When I do the induction with someone, I typically give them a "cheatsheet" afterward that explains what to do to "pull the anchors"--to use the bookmarks on their own. The anchors won't cure a problem, but they are a tool that someone can use to tell their unconscious mind, "hey--now it's time to relax." Literally, it gives someone a tool to say, “relax 1 - calm” and feel that sense of calm. If you or someone you know has struggled with severe anxiety or another run-away unconscious process, you could probably see how this tool could be pretty life-changing. For serious issues (like the abovementioned phobias and trauma) this is a powerful first step.

After I do the Elman-Turner induction and the client comes back for another session, we use the anchors as an induction— as a way to go into deep enough hypnotic trance to do whatever hypnotic work that the client and I have planned. While the Elman-Turner Induction we do the first time takes 30-40 minutes, using the anchors it only takes 5-10 minutes to return to the deep hypnotic state we got to the first time, letting us focus on hypnotherapy for the rest of the time.


Sometimes people ask more about this anchoring stuff and how it works. The short of it is that anchoring is very common— common enough we don't pay attention to it most of the time. Say, for instance, you have a job where you have to answer an office phone. Over time, your mind learns that when the phone rings, you divert your attention from other things, maybe you modulate your voice so you sound professional, or even unconsciously reach for a message pad and a pen as you pick up the phone receiver. This is an anchor. Like a behavioral conditioning situation but with clear unconscious involvement, your unconscious knows that phone ringing means going into “answer the phone mode.”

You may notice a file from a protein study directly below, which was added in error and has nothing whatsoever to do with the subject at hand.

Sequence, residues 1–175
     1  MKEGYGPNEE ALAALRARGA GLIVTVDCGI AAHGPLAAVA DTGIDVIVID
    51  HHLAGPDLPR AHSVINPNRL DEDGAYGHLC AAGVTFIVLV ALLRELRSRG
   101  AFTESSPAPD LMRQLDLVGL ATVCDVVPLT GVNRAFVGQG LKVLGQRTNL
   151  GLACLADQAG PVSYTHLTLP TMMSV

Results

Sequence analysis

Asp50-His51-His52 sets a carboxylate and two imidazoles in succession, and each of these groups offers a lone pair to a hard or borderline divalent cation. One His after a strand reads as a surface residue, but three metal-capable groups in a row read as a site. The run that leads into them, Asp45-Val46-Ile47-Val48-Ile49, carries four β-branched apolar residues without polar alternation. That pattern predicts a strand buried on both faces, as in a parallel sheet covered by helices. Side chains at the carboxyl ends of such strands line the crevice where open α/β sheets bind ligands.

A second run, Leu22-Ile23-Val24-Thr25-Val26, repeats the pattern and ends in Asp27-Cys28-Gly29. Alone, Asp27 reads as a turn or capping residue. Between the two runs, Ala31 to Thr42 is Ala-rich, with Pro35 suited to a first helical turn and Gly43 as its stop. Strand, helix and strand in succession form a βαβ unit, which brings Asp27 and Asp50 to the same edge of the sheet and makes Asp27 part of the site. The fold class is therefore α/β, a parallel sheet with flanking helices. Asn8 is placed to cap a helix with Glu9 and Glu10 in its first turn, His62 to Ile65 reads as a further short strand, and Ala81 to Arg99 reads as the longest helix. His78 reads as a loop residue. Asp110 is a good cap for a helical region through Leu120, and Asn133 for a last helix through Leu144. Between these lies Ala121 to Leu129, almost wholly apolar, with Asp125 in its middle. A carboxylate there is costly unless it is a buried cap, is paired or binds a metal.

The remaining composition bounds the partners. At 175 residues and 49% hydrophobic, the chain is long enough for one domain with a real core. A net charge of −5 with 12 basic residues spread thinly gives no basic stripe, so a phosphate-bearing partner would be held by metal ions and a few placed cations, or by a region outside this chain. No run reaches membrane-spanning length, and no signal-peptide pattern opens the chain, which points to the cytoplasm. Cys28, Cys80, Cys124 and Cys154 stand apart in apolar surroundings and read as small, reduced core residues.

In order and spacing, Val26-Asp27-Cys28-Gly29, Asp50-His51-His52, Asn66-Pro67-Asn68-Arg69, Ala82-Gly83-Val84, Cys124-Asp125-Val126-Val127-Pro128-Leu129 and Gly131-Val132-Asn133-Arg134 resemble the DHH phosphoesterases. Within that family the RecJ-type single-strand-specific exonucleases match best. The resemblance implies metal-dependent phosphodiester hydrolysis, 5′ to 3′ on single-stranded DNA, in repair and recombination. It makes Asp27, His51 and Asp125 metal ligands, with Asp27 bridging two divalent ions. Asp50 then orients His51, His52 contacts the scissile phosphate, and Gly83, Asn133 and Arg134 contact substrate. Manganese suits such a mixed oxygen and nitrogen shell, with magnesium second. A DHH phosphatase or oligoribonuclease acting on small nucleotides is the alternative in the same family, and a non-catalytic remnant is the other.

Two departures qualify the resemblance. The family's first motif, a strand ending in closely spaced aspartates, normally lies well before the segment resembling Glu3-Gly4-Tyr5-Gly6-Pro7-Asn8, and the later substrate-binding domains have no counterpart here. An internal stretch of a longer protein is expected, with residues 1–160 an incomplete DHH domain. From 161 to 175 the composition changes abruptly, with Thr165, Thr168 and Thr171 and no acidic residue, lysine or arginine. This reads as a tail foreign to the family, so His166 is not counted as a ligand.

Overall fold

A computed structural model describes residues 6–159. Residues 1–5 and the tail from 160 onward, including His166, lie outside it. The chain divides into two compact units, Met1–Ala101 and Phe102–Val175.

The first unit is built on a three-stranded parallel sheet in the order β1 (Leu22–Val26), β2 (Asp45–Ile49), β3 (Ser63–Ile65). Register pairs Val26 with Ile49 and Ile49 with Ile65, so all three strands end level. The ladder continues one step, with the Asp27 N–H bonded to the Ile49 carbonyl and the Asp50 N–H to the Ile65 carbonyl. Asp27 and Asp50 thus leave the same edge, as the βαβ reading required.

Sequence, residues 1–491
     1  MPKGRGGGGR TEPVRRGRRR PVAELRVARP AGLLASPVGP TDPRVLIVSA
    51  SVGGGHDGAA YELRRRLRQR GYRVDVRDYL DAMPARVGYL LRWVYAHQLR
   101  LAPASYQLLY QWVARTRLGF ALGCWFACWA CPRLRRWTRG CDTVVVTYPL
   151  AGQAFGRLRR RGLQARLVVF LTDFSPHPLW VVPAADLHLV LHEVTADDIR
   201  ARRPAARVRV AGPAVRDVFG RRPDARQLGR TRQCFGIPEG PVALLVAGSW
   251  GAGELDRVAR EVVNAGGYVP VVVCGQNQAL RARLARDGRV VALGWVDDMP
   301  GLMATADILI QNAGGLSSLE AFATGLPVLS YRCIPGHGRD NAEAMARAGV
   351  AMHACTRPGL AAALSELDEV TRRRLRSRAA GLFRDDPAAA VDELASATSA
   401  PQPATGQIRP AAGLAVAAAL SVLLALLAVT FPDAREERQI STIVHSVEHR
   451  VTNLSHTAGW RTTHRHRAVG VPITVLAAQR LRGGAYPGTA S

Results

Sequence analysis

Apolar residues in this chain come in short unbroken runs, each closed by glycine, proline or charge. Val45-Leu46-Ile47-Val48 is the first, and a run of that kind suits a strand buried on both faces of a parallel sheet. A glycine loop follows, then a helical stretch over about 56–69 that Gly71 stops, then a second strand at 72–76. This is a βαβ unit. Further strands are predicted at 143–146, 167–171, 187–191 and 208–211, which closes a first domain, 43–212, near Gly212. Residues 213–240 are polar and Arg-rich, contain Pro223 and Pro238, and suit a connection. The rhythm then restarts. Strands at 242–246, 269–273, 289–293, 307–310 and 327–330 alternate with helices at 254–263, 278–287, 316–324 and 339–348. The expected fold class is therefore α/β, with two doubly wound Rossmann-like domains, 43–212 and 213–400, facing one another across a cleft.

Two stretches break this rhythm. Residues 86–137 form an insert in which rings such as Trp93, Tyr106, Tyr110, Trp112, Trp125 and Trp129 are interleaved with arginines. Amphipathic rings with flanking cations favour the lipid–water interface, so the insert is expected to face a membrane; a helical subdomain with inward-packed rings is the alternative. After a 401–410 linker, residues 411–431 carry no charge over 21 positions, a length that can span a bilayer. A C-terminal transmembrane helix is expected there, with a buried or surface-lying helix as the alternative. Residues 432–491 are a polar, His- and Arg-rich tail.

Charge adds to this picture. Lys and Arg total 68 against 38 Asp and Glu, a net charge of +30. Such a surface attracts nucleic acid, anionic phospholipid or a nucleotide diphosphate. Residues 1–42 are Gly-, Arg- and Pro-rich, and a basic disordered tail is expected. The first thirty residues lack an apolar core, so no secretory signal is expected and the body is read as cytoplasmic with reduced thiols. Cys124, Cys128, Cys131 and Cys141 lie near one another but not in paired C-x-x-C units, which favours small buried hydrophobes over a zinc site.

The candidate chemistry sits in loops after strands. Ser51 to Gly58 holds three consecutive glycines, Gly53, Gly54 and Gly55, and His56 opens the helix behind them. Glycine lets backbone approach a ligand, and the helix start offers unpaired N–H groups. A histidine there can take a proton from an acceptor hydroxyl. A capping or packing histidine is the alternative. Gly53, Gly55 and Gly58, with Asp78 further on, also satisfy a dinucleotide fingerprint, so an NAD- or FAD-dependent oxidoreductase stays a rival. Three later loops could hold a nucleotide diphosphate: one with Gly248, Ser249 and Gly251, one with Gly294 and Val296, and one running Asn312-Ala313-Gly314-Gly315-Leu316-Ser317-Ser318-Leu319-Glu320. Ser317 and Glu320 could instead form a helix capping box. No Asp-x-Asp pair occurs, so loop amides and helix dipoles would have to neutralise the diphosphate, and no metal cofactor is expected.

Most anchors are set by repetition, including most of the stuff in NLP literature about setting anchors for good or bad. The only special thing about what we're doing here is that in deep hypnosis, anchors don't need repetition: we can set an anchor once and it's there whenever you want to use it.

Also, sometimes people are concerned that the anchors could be abused or create problems, as if they could give someone else control of your mind. This isn't the way they actually work because hypnosis isn't mind control. Also, I always do this in such a way that only you can pull your anchors, not anybody else. Even when we do it in session, it's you that's saying the cue to yourself.

Actually, the only danger is that the relaxation anchors can work too well, causing people to be too relaxed in situations that it's not a good idea, like driving a car or operating a meatslicer or a chainsaw. For this reason, I always tell people to avoid using the last two anchors unless they can rest with their eyes closed, and to avoid even using the first two if they're in a dangerous situation or one that requires strong alertness. Typically I’ll even include in the anchor-setting process suggestions that the anchors can only be called "when it's safe to do so."

In the next entries, I'll talk more about specific problems that someone might come and see me for and how hypnotherapy could help.